Seller financing has certain advantages


January 02, 1994|By Dian Hymer

What is seller financing?

Seller financing occurs when sellers loan money to buyers as a part of a property sale. The property being sold is usually used as security for the loan.

The benefit to a buyer is that sellers usually don't charge loan origination fees, called points. (One point is equal to 1 percent of the loan amount).

Buyers with only a 10 percent down payment will find an additional benefit if they can find a seller who will provide a loan for 10 percent of the purchase. This would permit the buyer to get an 80 percent loan, rather than a 90 percent loan, from a conventional lender.

Eighty percent conventional financing is less expensive than 90 percent financing in terms of the points charged, the interest rate on the loan or both. Also, most 90 percent loans require PMI (Private Mortgage Insurance to protect the lender if the buyer defaults). This is an additional charge that is bypassed if the buyer only needs to borrow 80 percent or less of the purchase price from a lender.

A buyer might find it easier to qualify for financing with a seller than with a conventional lender, but this won't always be the case. Most sellers will want to scrutinize a buyer's financial status, including a credit report, just as a lender would. A purchase contract that provides for seller financing will usually give the seller the right to approve or disapprove the buyer for the loan.

There are disadvantages to seller financing. In this market of extremely low interest rates, you'll probably find conventional financing available at interest rates lower than most sellers will be willing to accept. Another disadvantage is that most seller-carry loans have shorter due dates -- the deadline for repaying the entire loan -- than conventional loans. Few sellers will be willing or able to carry a loan for 15 or 30 years. But if the buyer is getting a new first loan from a conventional lender, the lender will require that the seller carry the second loan for at least 5 years.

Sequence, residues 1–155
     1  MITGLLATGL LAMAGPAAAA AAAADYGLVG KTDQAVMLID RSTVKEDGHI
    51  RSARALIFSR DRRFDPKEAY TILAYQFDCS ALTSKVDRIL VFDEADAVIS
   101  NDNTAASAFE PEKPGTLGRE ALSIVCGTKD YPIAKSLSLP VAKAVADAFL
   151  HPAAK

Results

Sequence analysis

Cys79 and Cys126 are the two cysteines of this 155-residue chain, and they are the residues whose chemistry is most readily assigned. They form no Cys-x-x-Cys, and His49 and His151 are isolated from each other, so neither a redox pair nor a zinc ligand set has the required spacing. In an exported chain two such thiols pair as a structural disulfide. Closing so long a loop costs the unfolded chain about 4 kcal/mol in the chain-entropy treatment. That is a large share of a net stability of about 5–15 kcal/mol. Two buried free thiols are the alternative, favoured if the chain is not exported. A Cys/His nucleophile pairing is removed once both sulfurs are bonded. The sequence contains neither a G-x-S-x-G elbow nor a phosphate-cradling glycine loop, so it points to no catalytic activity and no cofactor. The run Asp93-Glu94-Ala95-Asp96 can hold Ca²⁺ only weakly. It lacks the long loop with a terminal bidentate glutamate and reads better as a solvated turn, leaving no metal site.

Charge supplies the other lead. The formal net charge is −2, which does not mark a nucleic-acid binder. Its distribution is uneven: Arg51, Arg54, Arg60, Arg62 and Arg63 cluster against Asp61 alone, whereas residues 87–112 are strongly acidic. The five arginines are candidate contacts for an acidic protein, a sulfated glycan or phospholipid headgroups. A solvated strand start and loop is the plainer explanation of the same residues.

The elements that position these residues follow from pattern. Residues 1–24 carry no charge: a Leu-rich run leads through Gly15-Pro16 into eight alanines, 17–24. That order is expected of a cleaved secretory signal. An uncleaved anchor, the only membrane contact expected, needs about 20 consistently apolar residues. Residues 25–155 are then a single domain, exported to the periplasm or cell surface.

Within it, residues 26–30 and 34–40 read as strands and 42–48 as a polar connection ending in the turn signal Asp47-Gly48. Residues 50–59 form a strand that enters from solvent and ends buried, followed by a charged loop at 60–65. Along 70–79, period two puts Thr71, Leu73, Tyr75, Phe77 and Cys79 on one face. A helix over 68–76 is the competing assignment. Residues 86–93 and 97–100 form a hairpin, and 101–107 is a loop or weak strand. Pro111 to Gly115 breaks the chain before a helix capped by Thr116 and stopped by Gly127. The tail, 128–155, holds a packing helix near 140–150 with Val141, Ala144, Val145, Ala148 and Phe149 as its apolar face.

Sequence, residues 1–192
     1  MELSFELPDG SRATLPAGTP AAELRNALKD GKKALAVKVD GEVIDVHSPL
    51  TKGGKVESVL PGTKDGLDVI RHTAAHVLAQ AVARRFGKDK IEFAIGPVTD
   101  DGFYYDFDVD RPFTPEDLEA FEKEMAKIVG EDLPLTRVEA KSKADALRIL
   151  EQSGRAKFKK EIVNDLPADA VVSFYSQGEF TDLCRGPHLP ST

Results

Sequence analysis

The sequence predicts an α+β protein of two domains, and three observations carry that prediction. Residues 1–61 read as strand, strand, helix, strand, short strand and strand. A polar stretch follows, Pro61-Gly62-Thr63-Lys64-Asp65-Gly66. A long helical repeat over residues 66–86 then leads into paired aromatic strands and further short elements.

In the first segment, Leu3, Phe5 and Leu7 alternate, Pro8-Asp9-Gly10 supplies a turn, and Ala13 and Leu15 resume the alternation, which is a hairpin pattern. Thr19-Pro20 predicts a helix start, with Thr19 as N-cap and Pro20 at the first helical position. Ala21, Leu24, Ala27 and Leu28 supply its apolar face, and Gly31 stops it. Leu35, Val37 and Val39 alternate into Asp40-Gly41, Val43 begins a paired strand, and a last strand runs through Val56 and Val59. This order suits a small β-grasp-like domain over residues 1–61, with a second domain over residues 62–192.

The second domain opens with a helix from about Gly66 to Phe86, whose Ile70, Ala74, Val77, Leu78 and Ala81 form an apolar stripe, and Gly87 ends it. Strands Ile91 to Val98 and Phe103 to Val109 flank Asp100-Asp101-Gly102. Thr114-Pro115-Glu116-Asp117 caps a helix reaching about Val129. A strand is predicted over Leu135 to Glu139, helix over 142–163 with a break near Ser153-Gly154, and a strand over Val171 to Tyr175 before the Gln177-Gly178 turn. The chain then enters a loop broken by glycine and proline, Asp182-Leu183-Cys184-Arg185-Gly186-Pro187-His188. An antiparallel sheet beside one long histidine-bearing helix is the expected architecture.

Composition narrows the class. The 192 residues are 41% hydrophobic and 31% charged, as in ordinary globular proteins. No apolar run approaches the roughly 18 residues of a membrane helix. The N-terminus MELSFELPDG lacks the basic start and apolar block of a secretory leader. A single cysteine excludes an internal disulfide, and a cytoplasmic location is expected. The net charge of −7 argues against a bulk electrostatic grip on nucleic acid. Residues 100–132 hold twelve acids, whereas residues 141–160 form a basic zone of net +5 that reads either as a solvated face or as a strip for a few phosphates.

Most conventional loans are fully amortized, which means they are paid off in full over the term of the loan. Seller-carry loans, however, are rarely fully amortized (some have interest-only payments) which means that there could be a large "balloon" payment due at the end of the loan. The property may have to be sold or refinanced at that time in order to repay the sellers.

FIRST-TIME TIP: The obvious candidates for owner financing are seniors who own their homes free and clear of any loans. If they're selling in order to trade down to a retirement home, there may even be a tax incentive for them to carry financing. Seller-carry loans can be treated as installment sales for tax purposes, which allows the seller to spread tax on the gain over the term of the seller-carry loan. Carrying a loan at a reasonable interest rate might also provide attractive income to a seller who's income is fixed. In this case, the seller might not want to be paid off early and may request that the loan include a prepayment penalty. This could become an item of negotiation.

THE CLOSING: To make sure that you're not paying an overinflated price in exchange for seller financing, make your purchase offer contingent upon the house appraising for the purchase price. If you're applying for a new conventional first loan, and the seller's carrying a second, the lender or loan broker will order an appraisal. If the seller is carrying a first loan, you'll have to order an appraisal yourself.

Dian Hymer's column is syndicated through Inman News Features. Send questions and comments care of Inman News Features, 5335 College Ave., No. 25, Oakland, Calif. 94618.

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